Contrayerva

Scientific Names:  Dorstenia Contrajerva

Common names:

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Arabic names:    عشبة الترياق (U’shbat at-tiryaq)

Rain Forest names:

Family: Urticaceae

Approximate Number of Species Known:

Common Parts Used: Roots

Collection:   

Annual/Perennial: Perennial

Height: 30 cm

Actions:  stimulant, tonic and diaphoretic 

Known Constituents: Cardioactive steroids (cardenolides): syriogenin, Furocoumarins, Volatile oil

Constituents Explained:

Description:   (please note: this is the general characteristics –  colour, flavor etc)

Traditional Use:

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Contrayerva

Other names: Dorstenia Houstoni

Scientific name: Dorstenia Contrayerva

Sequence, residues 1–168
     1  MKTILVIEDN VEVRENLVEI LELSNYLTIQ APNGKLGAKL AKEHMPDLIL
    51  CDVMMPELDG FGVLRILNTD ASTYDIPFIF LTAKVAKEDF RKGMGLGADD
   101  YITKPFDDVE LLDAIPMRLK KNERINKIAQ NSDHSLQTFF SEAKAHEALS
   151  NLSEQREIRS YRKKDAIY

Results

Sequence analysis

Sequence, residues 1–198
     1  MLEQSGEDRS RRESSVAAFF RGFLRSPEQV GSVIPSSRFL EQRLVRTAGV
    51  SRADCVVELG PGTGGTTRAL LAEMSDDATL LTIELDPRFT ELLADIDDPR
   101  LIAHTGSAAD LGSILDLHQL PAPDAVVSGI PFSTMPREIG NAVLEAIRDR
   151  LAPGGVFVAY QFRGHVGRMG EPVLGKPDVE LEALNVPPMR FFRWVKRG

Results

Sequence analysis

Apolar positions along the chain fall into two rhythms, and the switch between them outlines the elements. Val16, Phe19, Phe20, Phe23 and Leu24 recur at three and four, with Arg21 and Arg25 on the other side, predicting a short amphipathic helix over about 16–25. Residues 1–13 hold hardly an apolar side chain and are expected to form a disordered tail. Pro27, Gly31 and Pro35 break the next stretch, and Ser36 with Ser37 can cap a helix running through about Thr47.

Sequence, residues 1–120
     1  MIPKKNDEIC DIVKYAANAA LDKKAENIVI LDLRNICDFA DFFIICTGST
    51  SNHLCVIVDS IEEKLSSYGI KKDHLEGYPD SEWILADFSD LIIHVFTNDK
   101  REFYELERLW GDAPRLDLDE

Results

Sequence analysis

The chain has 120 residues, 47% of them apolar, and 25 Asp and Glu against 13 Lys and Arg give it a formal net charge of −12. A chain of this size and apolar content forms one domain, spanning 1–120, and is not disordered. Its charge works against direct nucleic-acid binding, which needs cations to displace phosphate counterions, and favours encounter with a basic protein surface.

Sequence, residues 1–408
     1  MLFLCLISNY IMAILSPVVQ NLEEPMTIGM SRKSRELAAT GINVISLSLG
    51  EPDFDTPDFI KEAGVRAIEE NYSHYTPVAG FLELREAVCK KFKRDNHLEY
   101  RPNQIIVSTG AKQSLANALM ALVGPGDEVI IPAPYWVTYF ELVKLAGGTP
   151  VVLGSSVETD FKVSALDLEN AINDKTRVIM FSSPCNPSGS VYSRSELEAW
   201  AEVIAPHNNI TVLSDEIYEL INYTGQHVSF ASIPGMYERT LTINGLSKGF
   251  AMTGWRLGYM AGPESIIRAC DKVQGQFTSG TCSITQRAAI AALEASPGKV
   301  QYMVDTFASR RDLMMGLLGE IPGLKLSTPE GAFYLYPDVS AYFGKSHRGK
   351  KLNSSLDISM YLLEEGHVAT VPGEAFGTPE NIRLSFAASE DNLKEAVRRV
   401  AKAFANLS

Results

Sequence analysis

Family: Urticaceae

Common part used: roots

This plant is native of Mexico, Peru and other Latin American countries.  The name derives from a Spanish word which means “antidote”, or ”counterpoison”, and was really employed as an antidote to bites of snakes. 

The most valuable part of the plant is its root. It is oblong, up to eight centimeters, reddish externally and white inside. It’s also rough and hard, fibrous and knotty. The root of contrayerva is characterized by the slight aromatic odor, resembling a fragrance of fig leaves. If one were to taste this root, it would be warm, pungent and bitter. 

In medicine it is used as a gentle stimulant and effective tonic. To be of use, the root should be young, red in color and heavy. Its properties have to be extracted by boiling water and alcohol and make a mucilaginous consistence. 

Except being a good stimulant and tonic, it also has diaphoretic properties. It is often used in cases of typhoid, diarrhea, dysentery and low fevers. 

The extract of the contrayerva root also appears to be one of the most effective and at the same time safe and gentle pungent substances used as a remedy for the diseases mentioned above.